TITLE

The SEC on a Forum Shopping Spree: SEC Enforcement Power and Control Person Liability After Dodd-Frank

AUTHOR(S)
Gates, Brianna L.
PUB. DATE
November 2013
SOURCE
Iowa Law Review;Nov2013, Vol. 99 Issue 1, p393
SOURCE TYPE
Academic Journal
DOC. TYPE
Article
ABSTRACT
In 2010, Congress passed the Dodd-Frank Wall Street Reform and Consumer Protection Act ('Dodd-Frank") in response to the collapse of the United States economy. Prior to Dodd-Frank, two separate circuit splits existed. One circuit split affected the Securities and Exchange Commission's ("SEC") ability to bring control person liability actions against executives whose subordinates violated securities laws. The other circuit split concerned the proof requirements in control person actions. This lack of uniformity made it difficult for the SEC to hold executives accountable for securities violations that occurred under its watch, as the SEC was both unsure as to whether it could bring control person liability claims altogether in some jurisdictions, and in others it seriously questioned the likelihood that it could succeed. Partially attributing the recession to financial regulation failures, Congress and President Obama, via Dodd-Frank, responded by expanding the SEC's subpoena powers, by granting it nationwide subpoena power for civil actions, and resolving one of the circuit splits, ensuring the SEC's ability to at least bring control person liability claims in all jurisdictions. However, there remains a circuit split over the proof requirements attendant to such actions. While some circuits impose relatively lenient requirements, under the Second and Third Circuits' rigorous standard, one who controls a person who was liable for a securities violation can be held liable to the same extent as the controlled person (i.e., the primary violator) only upon a showing that he or she culpably participated in the violation. In light of the SEC's newfound subpoena power and its solidified ability to institute enforcement actions in all jurisdictions, it may now seek to avoid the Second and Third Circuits' rigorous "culpable participation " standard, and thus engage in undesirable forum shopping. Forum shopping can create unnecessary expenses and lead to injustice. Accordingly, this Note argues that the Supreme Court should finish what Dodd-Frank started, resolve the remaining circuit split by rejecting "culpable participation" and thereby strengthen the SEC's enforcement power while avoiding SEC forum shopping.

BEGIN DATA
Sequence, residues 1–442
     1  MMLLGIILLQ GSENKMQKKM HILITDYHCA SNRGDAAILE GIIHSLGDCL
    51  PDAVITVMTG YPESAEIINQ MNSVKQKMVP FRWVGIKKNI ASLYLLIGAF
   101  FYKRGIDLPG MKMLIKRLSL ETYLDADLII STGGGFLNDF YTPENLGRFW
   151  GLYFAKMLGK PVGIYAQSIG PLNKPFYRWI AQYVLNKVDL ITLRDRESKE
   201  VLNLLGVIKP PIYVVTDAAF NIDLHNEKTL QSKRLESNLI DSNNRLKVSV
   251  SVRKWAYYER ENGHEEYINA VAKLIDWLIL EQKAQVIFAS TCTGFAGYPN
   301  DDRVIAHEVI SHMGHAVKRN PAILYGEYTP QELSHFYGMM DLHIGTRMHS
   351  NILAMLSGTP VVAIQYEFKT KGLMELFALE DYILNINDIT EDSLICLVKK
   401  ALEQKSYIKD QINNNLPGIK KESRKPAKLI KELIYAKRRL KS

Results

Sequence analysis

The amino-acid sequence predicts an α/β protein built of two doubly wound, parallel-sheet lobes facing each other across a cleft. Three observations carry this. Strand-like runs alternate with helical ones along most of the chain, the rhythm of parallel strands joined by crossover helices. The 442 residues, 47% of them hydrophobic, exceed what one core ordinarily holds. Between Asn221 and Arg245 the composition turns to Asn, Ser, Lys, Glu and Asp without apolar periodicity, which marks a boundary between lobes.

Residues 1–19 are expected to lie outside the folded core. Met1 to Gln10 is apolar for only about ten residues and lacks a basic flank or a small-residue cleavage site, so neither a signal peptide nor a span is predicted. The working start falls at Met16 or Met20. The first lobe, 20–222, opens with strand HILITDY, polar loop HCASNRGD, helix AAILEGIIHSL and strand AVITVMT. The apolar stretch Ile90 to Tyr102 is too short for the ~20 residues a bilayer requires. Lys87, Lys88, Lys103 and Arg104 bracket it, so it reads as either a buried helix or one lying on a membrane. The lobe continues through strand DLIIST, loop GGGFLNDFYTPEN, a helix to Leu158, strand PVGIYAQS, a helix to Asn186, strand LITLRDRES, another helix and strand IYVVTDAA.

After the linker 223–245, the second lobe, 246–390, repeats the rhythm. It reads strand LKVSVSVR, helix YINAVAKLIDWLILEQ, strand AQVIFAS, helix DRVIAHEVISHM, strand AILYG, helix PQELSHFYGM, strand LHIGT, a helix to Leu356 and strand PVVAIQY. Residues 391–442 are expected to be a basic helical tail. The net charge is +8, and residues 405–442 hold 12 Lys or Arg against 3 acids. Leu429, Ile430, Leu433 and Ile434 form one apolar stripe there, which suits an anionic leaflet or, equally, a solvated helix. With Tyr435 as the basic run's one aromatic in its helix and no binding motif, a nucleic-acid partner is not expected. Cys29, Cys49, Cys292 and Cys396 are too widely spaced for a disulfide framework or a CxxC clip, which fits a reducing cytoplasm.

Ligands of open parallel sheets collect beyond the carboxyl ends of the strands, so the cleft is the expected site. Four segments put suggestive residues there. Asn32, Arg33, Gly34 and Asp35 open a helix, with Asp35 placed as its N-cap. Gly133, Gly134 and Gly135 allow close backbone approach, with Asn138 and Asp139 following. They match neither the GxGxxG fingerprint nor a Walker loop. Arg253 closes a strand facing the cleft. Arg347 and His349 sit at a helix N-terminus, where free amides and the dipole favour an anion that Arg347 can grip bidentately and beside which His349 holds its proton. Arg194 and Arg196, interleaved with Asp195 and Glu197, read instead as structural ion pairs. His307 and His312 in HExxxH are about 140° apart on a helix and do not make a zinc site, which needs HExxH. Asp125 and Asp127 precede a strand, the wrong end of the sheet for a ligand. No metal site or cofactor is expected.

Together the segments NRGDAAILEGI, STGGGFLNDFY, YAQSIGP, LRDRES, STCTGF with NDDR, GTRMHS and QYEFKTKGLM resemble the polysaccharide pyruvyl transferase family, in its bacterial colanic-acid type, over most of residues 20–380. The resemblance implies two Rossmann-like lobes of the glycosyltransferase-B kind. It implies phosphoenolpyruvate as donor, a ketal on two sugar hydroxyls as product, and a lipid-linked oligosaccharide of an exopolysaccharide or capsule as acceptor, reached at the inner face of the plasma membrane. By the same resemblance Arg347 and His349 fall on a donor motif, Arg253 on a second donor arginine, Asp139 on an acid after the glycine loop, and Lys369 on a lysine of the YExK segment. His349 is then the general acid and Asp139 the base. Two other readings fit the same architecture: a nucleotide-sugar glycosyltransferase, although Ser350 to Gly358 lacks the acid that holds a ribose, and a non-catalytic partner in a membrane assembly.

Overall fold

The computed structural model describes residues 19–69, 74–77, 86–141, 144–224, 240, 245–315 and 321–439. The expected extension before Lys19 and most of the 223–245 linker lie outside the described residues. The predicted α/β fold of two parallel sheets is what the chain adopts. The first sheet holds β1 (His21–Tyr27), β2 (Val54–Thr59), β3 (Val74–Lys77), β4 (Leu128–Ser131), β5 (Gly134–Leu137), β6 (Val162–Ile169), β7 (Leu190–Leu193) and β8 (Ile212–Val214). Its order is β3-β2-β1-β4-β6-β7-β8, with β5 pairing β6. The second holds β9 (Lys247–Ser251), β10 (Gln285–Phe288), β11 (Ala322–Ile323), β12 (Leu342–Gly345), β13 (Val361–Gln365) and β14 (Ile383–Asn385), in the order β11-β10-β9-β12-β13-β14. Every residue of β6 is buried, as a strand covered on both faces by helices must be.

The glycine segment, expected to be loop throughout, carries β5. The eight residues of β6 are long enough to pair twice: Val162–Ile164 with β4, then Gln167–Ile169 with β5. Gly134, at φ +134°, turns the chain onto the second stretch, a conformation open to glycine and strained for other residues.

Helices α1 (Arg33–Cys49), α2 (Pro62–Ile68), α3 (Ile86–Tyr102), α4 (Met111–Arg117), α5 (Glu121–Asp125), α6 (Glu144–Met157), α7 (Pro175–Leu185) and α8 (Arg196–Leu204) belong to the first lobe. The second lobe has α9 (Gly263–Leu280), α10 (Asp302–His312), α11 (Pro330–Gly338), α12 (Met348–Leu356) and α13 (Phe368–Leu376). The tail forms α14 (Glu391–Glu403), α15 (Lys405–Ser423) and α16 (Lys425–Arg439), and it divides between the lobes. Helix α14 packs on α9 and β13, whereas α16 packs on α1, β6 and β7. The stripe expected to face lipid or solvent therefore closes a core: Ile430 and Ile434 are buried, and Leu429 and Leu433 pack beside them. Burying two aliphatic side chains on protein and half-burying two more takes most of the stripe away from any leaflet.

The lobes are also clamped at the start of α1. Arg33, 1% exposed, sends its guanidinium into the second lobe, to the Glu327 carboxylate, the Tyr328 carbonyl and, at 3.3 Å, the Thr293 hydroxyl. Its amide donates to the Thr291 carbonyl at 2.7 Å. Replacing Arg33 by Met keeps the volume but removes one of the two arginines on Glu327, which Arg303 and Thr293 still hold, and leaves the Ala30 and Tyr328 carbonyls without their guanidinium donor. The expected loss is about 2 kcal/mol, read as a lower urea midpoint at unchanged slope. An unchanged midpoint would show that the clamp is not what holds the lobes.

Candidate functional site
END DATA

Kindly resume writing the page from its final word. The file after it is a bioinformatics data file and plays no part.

ACCESSION #
91947018

 

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